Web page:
The big day has come! Its a bit soggy out there but I think we'll be fine. Maybe. We'll see.. It is just exciting to finally get to plant something in the garden!
Every year we plant potatoes on (or near) St. Patricks day - and sometimes onion sets too.. and peas! (though it is too early for little onion plants - i learned this the hard way last year - but you can plant 'sets', the little bulbs, now)
This year, our primary potato bed will be a variation of a Ruth Stout style bed. The Ruth Stout method of gardening involves very little digging and no tilling! For potatoes, we made a bed of deep (8-10") hay and bedding from our goat houses in the Fall. THAT IS IT! - (Here is a good overview, with videos and a book list to learn about Ruth Stout gardening)
To plant out seed potatoes, we will rake back the hay, and place the potatoes on the ground and cover them back up! Ruth Stout = THAT EASY!
In the past, we've used other methods of planting potatoes.
Potatoes can be planted in a variety of containers, from buckets, to rubbermaid bins - hampers, to raised garden beds. They can also be planted in a 4" deep trench. We've had a lot of luck with the trench, but it can be a lot of work to dig in our rocky soil. Many people suggest that you should mound soil or hay around your potato plants, forcing them to grow taller and make more potatoes. I've not had great results with this method in the past. I like to plant my potatoes close enough together that they shade out the weeds between them, and then just let them do their thing!
However you plant them. You know its time to dig up your potatoes when the plants die off. This usually happens in July. Just make sure you don't miss any, or you'll have potatoes next year too! We've been dealing with volunteer potatoes in our garden since we moved to our farm. Someone planted them years ago, and even though we try to dig them all up, they still come up every year. (not a horrible problem to have, but they come up in the aisles and other inconvenient places)
You can also get started with sweet potatoes this time of year. They are grown differently than regular potatoes and are more sensitive to cold. Find an (organic) sweet potato at the store (or in your pantry), if you wait long enough they'll sprout (as seen below) to speed up the process, place the sweet potato half way in a cup of water in a sunny window. Once you have spouts, you can break them off and root them in water. Once they are rooted you can plant them directly into their final location, or keep them in a small container for a while before transplanting. Sweet potatoes have attractive vines and can be grown in flower pots or as part of your landscape. One sweet potato can grow many slips! Just break them off and put it back in the water and often more will come.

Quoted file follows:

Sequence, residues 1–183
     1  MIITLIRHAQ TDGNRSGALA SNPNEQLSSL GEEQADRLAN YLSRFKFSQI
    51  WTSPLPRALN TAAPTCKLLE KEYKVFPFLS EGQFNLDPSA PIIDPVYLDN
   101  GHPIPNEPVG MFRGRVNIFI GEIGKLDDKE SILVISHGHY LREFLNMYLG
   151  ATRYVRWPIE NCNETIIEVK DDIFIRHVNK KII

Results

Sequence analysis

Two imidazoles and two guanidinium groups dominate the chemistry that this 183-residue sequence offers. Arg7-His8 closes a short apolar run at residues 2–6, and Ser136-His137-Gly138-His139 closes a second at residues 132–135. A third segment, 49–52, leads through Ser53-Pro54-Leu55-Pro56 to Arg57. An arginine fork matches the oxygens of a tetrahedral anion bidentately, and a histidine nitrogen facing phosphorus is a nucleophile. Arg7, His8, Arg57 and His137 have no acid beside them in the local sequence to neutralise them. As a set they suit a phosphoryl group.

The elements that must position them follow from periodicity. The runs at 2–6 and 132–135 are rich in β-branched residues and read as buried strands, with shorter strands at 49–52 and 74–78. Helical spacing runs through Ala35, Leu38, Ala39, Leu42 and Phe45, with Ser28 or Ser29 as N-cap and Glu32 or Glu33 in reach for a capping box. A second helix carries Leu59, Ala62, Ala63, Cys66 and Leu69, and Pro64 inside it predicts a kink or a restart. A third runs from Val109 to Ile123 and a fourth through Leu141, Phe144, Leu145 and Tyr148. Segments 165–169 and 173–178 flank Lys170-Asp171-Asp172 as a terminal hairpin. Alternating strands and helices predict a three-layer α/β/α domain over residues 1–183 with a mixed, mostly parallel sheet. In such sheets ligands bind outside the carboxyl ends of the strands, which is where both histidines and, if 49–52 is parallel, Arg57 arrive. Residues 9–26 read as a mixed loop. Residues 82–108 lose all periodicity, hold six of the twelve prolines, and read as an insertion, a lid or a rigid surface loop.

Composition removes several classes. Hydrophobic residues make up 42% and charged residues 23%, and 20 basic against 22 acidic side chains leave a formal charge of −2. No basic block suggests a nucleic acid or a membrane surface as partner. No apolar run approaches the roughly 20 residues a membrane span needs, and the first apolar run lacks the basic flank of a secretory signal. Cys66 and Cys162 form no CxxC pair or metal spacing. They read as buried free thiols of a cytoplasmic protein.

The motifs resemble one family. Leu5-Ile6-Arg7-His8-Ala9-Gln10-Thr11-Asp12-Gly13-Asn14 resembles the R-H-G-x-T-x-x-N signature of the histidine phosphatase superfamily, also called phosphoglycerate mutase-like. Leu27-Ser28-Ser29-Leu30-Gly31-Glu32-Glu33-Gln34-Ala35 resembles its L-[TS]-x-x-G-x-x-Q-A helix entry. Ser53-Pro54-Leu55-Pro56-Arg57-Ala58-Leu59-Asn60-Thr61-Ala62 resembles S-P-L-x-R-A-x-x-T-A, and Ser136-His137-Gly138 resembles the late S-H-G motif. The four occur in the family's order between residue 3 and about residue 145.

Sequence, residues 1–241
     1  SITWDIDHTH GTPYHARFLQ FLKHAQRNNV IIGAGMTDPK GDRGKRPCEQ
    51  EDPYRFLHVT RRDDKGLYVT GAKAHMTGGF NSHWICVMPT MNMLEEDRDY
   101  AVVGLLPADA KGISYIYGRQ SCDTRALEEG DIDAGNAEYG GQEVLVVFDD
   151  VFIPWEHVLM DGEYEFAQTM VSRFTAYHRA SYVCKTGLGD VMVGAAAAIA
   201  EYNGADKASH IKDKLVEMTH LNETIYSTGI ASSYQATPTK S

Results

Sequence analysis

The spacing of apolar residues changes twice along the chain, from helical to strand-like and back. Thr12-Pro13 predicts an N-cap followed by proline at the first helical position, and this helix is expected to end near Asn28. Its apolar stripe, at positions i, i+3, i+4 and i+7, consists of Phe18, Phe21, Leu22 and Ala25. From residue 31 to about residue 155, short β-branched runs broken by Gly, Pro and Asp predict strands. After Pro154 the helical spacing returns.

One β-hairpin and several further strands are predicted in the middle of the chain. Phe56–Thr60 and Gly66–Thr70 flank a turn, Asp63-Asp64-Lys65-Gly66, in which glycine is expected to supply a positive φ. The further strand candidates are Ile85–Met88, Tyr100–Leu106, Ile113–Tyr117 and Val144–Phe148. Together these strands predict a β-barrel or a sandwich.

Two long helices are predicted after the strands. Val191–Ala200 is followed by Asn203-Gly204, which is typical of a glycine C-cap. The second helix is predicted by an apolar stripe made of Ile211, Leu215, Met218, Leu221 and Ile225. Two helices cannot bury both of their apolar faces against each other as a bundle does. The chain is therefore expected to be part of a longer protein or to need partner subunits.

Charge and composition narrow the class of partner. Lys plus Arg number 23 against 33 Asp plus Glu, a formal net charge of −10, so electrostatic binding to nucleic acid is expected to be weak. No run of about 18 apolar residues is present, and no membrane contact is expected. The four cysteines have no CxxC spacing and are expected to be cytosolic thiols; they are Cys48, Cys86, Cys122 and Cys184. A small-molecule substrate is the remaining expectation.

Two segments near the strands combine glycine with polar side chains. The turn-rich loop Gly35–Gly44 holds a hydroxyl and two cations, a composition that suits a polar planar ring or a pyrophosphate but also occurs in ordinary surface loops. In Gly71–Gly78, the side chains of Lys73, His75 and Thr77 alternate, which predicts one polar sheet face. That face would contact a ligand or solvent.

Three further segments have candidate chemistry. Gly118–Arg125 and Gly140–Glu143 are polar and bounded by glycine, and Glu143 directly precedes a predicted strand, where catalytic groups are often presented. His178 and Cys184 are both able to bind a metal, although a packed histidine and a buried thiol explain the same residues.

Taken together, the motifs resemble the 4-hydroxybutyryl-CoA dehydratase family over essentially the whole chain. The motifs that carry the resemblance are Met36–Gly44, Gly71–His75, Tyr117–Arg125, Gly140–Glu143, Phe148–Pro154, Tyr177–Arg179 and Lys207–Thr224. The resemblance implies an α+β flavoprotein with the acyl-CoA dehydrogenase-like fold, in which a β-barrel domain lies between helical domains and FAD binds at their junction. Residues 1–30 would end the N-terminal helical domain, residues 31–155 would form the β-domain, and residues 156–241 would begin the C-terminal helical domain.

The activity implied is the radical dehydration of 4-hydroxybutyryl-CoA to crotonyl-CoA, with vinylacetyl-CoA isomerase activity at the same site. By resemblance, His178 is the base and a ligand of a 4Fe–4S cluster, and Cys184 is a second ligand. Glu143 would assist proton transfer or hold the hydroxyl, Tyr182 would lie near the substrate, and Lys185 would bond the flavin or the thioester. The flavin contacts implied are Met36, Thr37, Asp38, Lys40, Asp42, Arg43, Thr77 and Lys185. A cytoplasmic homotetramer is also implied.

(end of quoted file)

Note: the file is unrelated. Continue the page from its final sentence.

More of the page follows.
Check out our instagram stories, if you miss it - I will put potato planting pictures in the Garden 2020 story highlights!
2020 Seed starting has begun!
well, actually it already began a few weeks ago when I started onions (which are doing great so far!),
yesterday I started 12 flats of flowers!
Most of flowers will be going in our 1/4 acre U-Pick flower garden. Snapdragons, Sweet Peas, Pansies, and multi-colored pastel Yarrow (we have TONS of white yarrow that grows wild on the farm!) as well as 6 flats of native wildflowers (honestly not sure where exactly I'll put those!) In the grand scheme of things this isn't that much, and it is only the beginning - but it was nice to get started! The new greenhouse is not yet completed and the old one maxes out at about 2 dozen flats! I can squeeze in a few more on the floor but we're just about at capacity! Fingers crossed for good weather.
Are you interested in spring flower seed starting? Here are some tips for you!
Snap dragon seeds are TINY - where your glasses! and more importantly, they require light to germinate so make sure you do NOT cover them! Yarrow also needs light to germinate (and also has a tiny seed!) !
Pansy seeds are also tiny (though well over twice the size of snapdragon seeds) and they require darkness to germinate! this may sound simple, but last year I had no idea and couldn't figure out why I had such a hard time with both of these growing in the same tray.
Sweet Peas prefer more space in their pots than I was able to give them (they need more room for their roots! fingers crossed this works!) and they also tend to germinate faster if you soak the seeds for 24 hours before planting.
Who knew I'd need new glasses to be a flower farmer? I'm off to get a new prescription this week!
Like every garden enthusiast in January, I am itching to get things growing. Looking at pictures from last year, my first year growing in my little greenhouse. It was fabulous. This year will be 1000x better - because I will be growing at least that many more plants! This year I’ll be adding lower shelves with LED light strips to start more seedlings in the greenhouse. It’s an addictive thing, gardening.
here are some more pictures from 2019 ..